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Medical Practice


Over the past several decades, there have been increased demands that physicians account for the way in which they practice by meeting certain federal and state standards. The hospitalization of patients whose care is funded by the government is subject to utilization review. This procedure requires the physician to defend the reason for the patient's hospital stay if it extends beyond the established average standard. Elective surgery, in some cases, requires a second opinion. The purpose of these regulations is to try to limit the high cost of health care. Probably, all aspects of medical practice will in time be subjected to this type of review, which will profoundly alter medical practice.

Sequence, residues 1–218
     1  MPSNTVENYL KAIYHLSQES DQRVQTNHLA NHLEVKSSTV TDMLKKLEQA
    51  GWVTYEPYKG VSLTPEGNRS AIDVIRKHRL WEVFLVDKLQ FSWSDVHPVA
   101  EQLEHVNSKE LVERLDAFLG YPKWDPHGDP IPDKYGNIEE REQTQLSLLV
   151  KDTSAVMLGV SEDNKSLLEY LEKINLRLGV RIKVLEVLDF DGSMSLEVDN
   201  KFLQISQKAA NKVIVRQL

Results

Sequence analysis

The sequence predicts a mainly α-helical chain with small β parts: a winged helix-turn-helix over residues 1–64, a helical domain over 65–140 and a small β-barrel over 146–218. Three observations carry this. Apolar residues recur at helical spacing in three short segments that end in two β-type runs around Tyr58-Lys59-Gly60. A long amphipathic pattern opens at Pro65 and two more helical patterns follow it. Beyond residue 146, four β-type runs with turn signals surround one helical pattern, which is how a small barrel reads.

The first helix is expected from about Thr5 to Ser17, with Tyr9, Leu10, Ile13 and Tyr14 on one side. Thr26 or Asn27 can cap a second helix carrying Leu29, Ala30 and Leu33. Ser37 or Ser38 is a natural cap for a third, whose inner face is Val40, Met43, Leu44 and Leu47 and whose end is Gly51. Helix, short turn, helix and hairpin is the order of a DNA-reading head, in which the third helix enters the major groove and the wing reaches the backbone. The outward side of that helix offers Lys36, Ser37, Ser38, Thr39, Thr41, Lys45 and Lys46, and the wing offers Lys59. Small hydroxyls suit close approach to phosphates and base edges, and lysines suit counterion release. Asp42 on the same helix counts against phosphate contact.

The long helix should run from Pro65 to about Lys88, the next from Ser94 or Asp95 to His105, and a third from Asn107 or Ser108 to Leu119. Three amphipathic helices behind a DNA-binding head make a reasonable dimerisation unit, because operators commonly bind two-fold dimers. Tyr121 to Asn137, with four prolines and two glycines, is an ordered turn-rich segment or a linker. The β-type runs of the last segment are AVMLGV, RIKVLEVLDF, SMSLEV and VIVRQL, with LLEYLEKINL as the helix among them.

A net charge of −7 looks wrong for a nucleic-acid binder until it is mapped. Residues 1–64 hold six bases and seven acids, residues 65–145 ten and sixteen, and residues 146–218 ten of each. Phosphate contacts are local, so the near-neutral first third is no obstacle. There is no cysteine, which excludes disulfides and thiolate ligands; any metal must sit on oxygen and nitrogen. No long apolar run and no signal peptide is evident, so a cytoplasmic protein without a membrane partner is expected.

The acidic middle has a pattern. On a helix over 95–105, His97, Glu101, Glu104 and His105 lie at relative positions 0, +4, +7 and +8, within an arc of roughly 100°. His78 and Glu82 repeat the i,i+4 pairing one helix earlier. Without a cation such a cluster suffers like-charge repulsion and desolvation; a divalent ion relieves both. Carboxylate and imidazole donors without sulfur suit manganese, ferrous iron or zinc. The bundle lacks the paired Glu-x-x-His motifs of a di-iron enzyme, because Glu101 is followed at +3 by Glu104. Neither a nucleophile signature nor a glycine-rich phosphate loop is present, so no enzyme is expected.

Other approaches that may be used to judge continuing competence of physicians are an assessment of continuing education, auditing patients' records, reexamination for recertification, and time-limited certification as a prerequisite for relicensing. Such requirements clearly improve a physician's factual knowledge, but it is uncertain if they similarly effect the quality of practice.

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